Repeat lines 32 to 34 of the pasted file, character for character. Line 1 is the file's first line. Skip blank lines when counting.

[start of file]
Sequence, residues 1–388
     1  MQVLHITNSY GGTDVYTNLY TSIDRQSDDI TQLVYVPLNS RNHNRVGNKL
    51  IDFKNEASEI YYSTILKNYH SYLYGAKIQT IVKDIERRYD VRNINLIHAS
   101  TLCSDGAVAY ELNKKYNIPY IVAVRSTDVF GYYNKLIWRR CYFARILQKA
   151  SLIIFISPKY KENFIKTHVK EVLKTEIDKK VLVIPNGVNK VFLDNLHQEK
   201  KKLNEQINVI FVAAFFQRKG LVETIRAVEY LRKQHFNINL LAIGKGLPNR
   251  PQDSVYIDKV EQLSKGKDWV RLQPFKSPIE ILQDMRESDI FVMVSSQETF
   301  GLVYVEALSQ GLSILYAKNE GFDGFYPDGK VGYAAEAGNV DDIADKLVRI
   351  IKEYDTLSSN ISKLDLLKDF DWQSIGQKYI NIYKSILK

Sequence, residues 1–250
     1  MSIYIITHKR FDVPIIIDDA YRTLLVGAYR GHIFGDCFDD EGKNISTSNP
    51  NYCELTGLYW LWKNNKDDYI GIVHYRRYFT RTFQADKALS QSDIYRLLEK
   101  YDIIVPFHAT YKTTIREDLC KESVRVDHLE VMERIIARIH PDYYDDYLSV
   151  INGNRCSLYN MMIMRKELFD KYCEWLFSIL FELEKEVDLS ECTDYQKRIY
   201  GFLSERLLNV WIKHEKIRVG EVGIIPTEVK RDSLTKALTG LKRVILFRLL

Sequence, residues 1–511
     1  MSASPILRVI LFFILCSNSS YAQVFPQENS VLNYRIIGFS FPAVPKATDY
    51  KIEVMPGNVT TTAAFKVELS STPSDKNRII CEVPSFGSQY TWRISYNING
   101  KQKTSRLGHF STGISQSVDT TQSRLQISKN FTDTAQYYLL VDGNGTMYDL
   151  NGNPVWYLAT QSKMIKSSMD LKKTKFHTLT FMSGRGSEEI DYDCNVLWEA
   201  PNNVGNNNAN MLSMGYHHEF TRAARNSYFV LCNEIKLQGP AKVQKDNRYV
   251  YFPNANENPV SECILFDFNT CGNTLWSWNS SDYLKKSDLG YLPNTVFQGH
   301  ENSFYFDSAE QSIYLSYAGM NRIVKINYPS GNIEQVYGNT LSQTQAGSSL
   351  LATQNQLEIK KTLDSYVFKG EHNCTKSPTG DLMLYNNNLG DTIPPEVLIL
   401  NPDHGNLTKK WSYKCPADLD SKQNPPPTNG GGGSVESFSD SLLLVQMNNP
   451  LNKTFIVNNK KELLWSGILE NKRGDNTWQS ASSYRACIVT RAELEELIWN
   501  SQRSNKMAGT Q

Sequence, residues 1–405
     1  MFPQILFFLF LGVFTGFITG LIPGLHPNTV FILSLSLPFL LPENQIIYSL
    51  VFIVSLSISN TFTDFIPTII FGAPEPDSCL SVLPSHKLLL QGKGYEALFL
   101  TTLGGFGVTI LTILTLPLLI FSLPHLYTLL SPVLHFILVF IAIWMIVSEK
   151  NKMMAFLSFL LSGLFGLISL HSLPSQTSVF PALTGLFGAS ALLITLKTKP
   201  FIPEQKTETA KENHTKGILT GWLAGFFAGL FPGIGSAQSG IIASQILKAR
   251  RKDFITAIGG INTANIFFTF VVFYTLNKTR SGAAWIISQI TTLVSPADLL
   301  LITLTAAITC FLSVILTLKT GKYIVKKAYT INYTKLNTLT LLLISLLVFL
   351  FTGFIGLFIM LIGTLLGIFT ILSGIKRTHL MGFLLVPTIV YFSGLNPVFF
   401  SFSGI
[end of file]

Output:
   151  NKMMAFLSFL LSGLFGLISL HSLPSQTSVF PALTGLFGAS ALLITLKTKP
   201  FIPEQKTETA KENHTKGILT GWLAGFFAGL FPGIGSAQSG IIASQILKAR
   251  RKDFITAIGG INTANIFFTF VVFYTLNKTR SGAAWIISQI TTLVSPADLL